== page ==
While no ‘80s rock band could have pulled off a song called “(You Can Still) Rock In Canada” without inducing maniacal laughter, the first band Night Ranger did their best to evoke this ideal in their first ever Edmonton performance. Bass guitarist/vocalist Jack Blades worked the crowd like an industry vet right from set opener “Lay It On Me.” While never generating much radio airplay up here beyond the perpetual junior high school shuffle of “Sister Christian,” whose popularity has recently been resurrected (thanks again, Broadway), the band mostly stuck to stateside rockers like “Sing Me Away”, “When You Close Your Eyes”, and “Don’t Tell Me You Love Me” for the duration of their 35 minute set. Lead guitar prevailed as virtuoso Brad Gillis demonstrated his quite substantial chops throughout his various permutations on sundry ‘80s rock stage poses. This band was the most physically active group of the evening, with Blades and Gillis bandying about the stage as if their 1980’s lives depended on it.
How could the Night Ranger highlight be any other than their biggest hit? Drummer and co-lead singer Kelly Keagy gets full marks for his ham-fisted take on a hair metal Pat Boone gone Broadway during “Sister Christian.” Cell phone screens, evenly matched with Bic lighters, all quickly shot up as the children of 1983 gave tribute.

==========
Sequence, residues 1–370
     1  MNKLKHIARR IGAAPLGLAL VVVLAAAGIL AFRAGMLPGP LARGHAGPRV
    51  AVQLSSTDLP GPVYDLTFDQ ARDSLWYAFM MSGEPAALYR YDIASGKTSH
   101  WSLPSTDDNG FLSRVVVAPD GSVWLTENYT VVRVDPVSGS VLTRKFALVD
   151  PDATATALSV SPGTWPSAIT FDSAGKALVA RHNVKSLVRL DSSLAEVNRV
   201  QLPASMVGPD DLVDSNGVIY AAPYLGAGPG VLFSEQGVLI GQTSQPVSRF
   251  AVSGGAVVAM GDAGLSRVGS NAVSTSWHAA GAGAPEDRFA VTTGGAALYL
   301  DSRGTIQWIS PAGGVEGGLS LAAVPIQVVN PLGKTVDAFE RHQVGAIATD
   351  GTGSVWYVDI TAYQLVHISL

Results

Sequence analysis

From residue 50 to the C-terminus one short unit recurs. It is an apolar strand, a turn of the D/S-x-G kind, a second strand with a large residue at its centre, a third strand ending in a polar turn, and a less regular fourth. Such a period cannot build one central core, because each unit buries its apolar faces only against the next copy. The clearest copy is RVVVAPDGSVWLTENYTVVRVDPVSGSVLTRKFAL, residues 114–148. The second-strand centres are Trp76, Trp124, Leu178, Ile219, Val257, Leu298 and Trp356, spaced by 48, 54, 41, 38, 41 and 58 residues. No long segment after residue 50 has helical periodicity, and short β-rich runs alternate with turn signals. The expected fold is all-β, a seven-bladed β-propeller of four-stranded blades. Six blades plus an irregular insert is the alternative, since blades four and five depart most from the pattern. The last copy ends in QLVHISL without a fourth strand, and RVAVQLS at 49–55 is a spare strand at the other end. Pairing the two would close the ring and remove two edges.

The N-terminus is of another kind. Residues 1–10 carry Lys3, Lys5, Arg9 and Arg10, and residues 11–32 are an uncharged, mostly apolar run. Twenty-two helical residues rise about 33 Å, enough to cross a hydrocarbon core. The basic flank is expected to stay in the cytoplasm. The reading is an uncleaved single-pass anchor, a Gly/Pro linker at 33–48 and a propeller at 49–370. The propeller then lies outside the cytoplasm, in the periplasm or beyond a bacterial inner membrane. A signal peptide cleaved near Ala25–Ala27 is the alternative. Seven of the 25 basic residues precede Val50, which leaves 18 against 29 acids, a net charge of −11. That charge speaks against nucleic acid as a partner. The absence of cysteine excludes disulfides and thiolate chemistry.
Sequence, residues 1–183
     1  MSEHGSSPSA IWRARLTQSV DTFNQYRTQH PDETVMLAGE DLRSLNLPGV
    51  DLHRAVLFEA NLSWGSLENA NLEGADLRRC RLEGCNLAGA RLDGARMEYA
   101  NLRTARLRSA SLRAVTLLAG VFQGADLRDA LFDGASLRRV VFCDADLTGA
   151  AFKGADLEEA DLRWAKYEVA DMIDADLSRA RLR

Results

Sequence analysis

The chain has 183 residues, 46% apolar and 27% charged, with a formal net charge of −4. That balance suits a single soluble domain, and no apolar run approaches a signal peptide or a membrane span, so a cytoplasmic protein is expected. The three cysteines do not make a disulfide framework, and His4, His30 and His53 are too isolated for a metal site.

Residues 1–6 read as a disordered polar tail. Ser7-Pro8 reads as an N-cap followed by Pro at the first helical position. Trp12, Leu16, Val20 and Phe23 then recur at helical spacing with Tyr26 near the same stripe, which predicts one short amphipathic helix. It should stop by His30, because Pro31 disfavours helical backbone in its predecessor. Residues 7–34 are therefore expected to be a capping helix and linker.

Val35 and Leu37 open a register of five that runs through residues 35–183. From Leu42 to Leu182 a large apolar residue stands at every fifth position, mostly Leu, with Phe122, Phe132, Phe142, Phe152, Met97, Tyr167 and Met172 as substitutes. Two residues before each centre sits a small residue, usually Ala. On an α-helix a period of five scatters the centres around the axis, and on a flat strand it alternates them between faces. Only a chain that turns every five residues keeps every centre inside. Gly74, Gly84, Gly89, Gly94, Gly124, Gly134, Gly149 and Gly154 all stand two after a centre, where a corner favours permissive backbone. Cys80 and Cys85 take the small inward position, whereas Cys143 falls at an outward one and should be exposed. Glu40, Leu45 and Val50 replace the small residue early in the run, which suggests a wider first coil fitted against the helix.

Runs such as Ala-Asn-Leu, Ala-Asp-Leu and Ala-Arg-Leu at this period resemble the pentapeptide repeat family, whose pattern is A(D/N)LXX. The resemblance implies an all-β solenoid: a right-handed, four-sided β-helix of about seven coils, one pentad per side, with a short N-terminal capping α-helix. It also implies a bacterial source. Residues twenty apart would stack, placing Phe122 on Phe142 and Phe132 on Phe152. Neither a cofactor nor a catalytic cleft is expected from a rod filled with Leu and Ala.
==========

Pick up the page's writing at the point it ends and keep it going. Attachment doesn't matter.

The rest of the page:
This long evening of 80’s rock ‘n’ roll delights showed that while the ‘80s are over – along with the ethos of its obviously cliché- ridden music – there is no need for a revival. By the fans’ reaction over the course of the show, the enduring mass popularity of arena rock acts like Journey has survived the test of time, as have all their fans. Were he alive to see it, Kurt Cobain probably would have never expected that.
(Top photo: Journey at a 2009 show Santa Barbara, California. Photo by Derek Owen)